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A Village institution, Greenwich House was founded in 1902 at the height of the settlement house movement. It was originally known as the Cooperative Social Settlement Society of the City of New York and remains one of the Village's most active forces for improving the lives of residents. Many people have worked for and benefitted from Greenwich House, but one of its most famous staff members was famed aviatrix Amelia Earhart, who worked and lived there in the late 1920s.

Greenwich House

Window, Neighbourhood, Town, Building

Amelia Earhart

Hairstyle, Jacket, Forehead, Eyebrow

Children gathered outside Greenwich House

Footwear, People, Social group, Musician

In the late 1800s and early 1900s, as the country's cities underwent rapid changes brought on by industrialization and immigration, reform-minded women established settlement houses, which were created to help alleviate poverty in slum neighborhoods. In 1902, Greenwich House was founded by Mary Kingsbury Simkhovitch. Like other settlement houses, Greenwich House provided a wide assortment of programs for the community that reflected the views of Simkhovitch, who envisioned the house as an integral part of the community.

Greenwich House expanded quickly in the early 1900s, acquiring several other buildings in the neighborhood in the process. It established music and pottery schools, programs which are still extant and housed in historic buildings. It also provided infant and child care programs and investigated the high rates of infant mortality in the Village. In addition to pottery classes, Greenwich House offered numerous art programs, which was likely due to the influence of Gertrude Payne Whitney, who was a member of the board and later founded the Whitney Museum. Whitney was also instrumental in getting artists to paint murals in the main building's interior.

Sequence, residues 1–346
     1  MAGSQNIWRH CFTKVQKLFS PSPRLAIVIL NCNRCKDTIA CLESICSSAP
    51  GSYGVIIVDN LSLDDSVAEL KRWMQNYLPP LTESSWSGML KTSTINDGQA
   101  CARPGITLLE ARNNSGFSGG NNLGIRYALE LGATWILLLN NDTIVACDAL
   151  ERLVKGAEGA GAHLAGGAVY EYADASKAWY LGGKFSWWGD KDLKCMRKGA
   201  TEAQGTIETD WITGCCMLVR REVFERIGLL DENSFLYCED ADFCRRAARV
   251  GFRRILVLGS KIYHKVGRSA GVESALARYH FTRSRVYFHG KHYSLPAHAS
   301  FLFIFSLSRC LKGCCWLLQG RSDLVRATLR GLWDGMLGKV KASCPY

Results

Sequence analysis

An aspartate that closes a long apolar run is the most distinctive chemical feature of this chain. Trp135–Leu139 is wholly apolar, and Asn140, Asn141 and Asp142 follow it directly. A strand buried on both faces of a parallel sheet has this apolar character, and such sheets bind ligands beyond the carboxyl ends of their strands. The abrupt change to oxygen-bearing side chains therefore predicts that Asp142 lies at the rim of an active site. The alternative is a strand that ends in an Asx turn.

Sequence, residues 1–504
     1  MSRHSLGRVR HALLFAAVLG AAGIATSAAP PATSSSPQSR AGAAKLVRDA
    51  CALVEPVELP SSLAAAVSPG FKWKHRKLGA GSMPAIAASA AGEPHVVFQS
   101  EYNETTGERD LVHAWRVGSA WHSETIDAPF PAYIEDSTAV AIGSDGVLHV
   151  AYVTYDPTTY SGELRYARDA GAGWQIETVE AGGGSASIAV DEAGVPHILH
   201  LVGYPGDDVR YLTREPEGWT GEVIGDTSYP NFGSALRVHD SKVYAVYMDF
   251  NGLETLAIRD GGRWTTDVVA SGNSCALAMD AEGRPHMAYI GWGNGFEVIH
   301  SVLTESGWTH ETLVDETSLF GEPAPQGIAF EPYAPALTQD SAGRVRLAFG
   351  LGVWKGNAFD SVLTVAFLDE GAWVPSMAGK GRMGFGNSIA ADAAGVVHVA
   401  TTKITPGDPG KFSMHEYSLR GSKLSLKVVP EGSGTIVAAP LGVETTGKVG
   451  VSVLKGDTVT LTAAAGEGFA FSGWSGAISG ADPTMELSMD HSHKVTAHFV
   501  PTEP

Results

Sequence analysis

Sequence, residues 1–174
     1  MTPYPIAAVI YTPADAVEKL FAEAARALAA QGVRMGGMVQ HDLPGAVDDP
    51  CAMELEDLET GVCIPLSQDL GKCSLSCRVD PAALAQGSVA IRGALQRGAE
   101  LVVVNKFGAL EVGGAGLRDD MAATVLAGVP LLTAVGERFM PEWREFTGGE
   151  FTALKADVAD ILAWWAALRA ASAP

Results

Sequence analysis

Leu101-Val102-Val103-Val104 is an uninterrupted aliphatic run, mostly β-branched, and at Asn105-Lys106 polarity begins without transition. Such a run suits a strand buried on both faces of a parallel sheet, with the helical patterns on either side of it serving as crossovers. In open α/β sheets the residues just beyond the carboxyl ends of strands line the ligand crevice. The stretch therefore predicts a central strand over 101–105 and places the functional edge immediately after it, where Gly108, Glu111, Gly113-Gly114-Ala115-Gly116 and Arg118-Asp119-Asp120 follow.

Like most settlement houses, Greenwich House was staffed by social workers and middle-class reformers, all of whom were young women. Most of these women have undoubtedly been lost to history, but in 1927, Greenwich House welcomed famed aviatrix Amelia Earhart as a volunteer and resident. Earhart had already worked as a social worker in Boston, but her flying career often got in the way of her work there. After moving to Greenwich Village, she approached Greenwich House about continuing her social work there and was offered a staff position and a room. She lived in Barrow Street building until 1929, and though people in the community almost certainly knew who she was, she lived, reportedly, like a regular citizen.

Greenwich House remains a vital part of the Village and still maintains many of the programs it began more than a century ago. It offers senior services, health services, and maintains a youth community center, in addition to its original offerings.

Greenwich House, A Settlement House Past and Present , Village Preservation. August 28th 2013. Accessed December 31st 2020.

Amelia Earhart, Aviatrix, Feminist, Fashionista, Villager , Village Preservation. July 24th 2019. Accessed December 31st 2020.

Hansan, John . Greenwich House, New York City , Social Welfare History Project . Accessed December 31st 2020.

The History of Greenwich House , Greenwich House . Accessed December 31st 2020.